Expanding the Empirical Study of Access to Justice

By: Catherine Albiston and Rebecca L. Sandefur. Published by: Wisconsin Law Review. Published in May 2013.

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The expansion of research on access to justice is vital to the continued success of legal services. Albiston and Sandefur identify concerns with the current state of the research and suggest ways to improve the way research on access to justice is conducted. Their recommendations and critiques follow:

  • Research is limited to evaluation of the quality of current services provided, rather than research on which services are needed. Research is based on individuals, and does not include institutional bias against weaker parties without representation. Studies of outcomes of individual cases leave out the numerous legal issues that do not end up in court. Goals and remedies to improve the research conducted.
  • Expand research beyond only the poor to understand the relative quality of legal services provided to the poor as it relates to the average litigant. Compare the access enjoyed by privileged and disadvantaged communities, and how it plays a role in the outcome of legal disputes.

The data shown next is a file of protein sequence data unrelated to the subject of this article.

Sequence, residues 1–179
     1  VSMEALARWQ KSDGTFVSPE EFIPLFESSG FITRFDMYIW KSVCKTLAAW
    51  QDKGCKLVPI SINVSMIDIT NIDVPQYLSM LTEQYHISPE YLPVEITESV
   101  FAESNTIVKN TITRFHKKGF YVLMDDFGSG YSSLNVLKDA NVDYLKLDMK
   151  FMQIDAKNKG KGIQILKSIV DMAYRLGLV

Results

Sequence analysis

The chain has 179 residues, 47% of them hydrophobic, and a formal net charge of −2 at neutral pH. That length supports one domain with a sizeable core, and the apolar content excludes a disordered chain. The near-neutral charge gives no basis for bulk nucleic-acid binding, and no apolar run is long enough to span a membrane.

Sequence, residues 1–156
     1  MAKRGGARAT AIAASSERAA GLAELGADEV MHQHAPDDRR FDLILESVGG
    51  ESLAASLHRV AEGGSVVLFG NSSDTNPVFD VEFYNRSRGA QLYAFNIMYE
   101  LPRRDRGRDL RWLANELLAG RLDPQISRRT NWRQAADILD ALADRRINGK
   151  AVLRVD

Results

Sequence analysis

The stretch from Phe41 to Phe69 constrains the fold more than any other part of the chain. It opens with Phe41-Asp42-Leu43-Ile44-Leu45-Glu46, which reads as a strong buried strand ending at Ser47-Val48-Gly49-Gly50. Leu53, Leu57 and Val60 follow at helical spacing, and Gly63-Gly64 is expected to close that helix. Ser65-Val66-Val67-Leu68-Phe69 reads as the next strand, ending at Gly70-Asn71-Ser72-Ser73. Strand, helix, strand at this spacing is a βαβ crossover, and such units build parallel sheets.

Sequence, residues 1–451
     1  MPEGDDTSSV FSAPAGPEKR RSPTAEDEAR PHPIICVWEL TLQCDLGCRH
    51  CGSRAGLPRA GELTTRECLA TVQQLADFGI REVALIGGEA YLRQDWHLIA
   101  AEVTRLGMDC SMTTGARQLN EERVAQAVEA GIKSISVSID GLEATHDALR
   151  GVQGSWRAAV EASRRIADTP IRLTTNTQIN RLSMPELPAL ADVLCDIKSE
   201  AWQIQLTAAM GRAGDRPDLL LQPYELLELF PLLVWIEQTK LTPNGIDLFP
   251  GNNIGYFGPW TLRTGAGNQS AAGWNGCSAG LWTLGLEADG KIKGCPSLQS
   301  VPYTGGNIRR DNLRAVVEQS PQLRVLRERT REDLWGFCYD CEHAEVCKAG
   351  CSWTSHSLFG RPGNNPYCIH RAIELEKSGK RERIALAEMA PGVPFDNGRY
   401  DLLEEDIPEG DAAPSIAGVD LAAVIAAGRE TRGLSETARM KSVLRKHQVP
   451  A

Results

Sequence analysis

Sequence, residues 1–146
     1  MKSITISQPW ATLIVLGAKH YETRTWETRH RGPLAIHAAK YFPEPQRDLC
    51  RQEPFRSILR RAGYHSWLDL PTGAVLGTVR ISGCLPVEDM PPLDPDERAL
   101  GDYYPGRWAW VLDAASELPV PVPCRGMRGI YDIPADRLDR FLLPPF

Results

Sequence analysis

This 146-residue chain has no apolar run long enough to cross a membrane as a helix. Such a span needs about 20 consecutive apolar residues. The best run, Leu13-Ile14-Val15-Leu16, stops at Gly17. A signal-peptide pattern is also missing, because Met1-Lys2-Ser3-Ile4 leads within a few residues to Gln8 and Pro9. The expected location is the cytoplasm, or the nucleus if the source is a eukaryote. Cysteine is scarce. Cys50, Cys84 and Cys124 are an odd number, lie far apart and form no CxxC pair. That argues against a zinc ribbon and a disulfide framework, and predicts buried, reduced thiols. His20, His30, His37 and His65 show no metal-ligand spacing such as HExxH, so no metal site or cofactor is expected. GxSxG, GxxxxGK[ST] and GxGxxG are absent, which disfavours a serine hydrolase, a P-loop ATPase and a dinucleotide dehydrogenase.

• Broaden the understanding of what access to justice means and also what lack of access means. Expand research to include empirical studies about what the legal needs of the community are. Include institutions, social meaning and, and how the need for legal aid is shaped in the research conducted. Study the benefits of increasing the legitimacy of the legal system to those who might otherwise not seek help for issues.
  • Research must be expanded to the needs of the community and whether the people who need legal help the most are seeking out that help.


Categories: Researchers and Academics

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